Pemphigus is an autoimmune disorder. The immune system produces antibodies against specific proteins in the skin and mucous membranes. These antibodies break the bonds between skin cells. This leads to the formation of a blister. The exact cause is unknown.
About 50% of people with this condition first develop painful blisters and sores in the mouth, followed by skin blisters. Skin lesions may come and go.
The skin sores may be described as:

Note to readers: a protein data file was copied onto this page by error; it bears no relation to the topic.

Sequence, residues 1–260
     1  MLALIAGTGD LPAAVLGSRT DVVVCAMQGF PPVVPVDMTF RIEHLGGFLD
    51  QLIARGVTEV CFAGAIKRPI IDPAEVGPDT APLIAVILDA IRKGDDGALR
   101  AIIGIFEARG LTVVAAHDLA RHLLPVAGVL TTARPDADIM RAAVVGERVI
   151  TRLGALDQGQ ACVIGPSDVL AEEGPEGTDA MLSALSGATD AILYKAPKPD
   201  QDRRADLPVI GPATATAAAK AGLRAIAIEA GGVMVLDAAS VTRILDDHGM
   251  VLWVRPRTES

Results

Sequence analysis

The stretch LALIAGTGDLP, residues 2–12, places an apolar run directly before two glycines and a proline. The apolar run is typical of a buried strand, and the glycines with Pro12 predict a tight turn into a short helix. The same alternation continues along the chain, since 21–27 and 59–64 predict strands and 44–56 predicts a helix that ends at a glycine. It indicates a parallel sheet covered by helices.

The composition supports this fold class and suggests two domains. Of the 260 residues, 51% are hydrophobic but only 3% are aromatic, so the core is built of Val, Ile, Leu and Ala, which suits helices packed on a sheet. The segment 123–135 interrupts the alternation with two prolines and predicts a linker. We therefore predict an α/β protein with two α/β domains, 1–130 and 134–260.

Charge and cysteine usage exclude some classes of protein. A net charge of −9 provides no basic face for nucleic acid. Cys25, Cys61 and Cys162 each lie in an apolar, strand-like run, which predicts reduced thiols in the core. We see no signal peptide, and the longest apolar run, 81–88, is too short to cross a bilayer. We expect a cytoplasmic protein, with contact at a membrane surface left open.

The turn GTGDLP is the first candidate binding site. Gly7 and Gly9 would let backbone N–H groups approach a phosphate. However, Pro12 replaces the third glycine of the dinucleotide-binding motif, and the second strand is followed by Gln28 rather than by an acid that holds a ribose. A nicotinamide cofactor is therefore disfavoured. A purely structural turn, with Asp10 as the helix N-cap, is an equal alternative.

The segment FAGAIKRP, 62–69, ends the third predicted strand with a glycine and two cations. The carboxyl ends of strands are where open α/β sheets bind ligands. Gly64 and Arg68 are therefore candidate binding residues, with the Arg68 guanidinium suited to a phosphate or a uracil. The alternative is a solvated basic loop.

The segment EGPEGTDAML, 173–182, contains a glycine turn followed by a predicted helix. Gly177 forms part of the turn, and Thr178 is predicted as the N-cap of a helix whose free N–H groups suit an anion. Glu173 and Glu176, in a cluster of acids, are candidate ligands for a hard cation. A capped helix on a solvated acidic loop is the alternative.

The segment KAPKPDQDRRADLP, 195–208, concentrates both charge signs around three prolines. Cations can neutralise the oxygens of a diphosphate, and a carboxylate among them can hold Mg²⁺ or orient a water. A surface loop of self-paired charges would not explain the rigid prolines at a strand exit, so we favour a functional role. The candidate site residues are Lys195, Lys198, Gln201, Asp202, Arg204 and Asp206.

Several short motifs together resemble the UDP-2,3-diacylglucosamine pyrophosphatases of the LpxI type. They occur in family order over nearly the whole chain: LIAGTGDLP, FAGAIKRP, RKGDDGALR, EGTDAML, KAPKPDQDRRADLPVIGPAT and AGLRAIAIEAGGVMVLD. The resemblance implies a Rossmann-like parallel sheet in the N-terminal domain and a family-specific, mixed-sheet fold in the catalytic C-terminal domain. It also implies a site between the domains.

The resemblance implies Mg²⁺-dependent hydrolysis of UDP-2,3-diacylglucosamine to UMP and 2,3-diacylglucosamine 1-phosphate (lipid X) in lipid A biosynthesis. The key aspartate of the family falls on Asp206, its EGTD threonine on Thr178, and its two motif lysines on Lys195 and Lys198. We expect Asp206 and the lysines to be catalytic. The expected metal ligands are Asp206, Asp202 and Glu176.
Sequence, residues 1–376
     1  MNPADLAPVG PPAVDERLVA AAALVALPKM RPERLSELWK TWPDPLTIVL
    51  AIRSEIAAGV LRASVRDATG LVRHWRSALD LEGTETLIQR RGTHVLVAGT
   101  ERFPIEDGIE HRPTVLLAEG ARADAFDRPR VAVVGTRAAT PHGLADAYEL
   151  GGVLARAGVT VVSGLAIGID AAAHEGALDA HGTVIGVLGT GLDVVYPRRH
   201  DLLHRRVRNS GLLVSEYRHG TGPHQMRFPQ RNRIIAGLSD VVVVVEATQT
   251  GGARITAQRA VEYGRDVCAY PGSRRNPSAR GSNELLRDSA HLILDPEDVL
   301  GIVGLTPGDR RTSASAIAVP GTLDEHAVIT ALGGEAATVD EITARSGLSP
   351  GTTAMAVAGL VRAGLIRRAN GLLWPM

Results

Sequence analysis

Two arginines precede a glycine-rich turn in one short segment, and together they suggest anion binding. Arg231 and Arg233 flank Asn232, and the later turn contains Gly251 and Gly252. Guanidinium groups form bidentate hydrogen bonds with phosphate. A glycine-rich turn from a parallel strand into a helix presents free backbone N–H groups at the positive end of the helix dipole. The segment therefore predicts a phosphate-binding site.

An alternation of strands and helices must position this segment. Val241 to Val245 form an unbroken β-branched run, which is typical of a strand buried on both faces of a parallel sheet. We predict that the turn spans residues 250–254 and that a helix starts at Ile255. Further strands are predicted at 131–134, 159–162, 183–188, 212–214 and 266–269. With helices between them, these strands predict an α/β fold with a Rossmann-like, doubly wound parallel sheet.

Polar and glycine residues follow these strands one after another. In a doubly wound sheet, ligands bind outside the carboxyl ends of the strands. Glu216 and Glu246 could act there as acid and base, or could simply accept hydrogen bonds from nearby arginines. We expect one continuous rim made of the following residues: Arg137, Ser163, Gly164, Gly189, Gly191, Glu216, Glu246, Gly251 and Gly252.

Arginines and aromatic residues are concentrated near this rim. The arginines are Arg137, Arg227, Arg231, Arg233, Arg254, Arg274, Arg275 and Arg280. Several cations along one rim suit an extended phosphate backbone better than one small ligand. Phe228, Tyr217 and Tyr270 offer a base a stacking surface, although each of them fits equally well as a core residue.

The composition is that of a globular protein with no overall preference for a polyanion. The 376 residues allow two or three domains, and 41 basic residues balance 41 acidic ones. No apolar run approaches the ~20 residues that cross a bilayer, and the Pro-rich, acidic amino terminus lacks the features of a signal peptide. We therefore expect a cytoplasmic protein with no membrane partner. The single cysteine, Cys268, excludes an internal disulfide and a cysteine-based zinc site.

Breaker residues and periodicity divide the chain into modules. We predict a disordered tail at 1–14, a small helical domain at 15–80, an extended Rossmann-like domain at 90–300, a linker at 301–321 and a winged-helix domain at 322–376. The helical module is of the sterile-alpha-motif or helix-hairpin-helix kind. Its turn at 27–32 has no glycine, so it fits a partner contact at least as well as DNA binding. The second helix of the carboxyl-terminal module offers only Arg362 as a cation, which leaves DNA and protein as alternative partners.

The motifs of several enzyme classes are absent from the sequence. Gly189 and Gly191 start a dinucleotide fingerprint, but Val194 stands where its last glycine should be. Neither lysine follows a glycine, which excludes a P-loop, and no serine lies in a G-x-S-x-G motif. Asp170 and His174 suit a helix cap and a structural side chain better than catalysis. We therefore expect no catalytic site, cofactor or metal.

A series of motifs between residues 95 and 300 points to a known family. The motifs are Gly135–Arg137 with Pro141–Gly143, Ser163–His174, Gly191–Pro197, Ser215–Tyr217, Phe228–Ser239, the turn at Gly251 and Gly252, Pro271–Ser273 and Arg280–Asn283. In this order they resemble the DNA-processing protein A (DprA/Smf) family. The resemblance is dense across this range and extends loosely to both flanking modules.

- Peeling or easily detached
- Treatment for Pemphigus Vulgaris
The treatment is divided into three phases:
- Control: Period of intense therapy given to suppress disease activity until no new lesions appear. The duration of this phase is weeks.
- Consolidation: Drugs and doses are maintained until complete clearance of lesions.
- Maintenance: Medications can be gradually tapered aiming for the lowest dose that prevents new lesions from appearing.
Relapse may occur at any time, resulting in renewed disease control effort.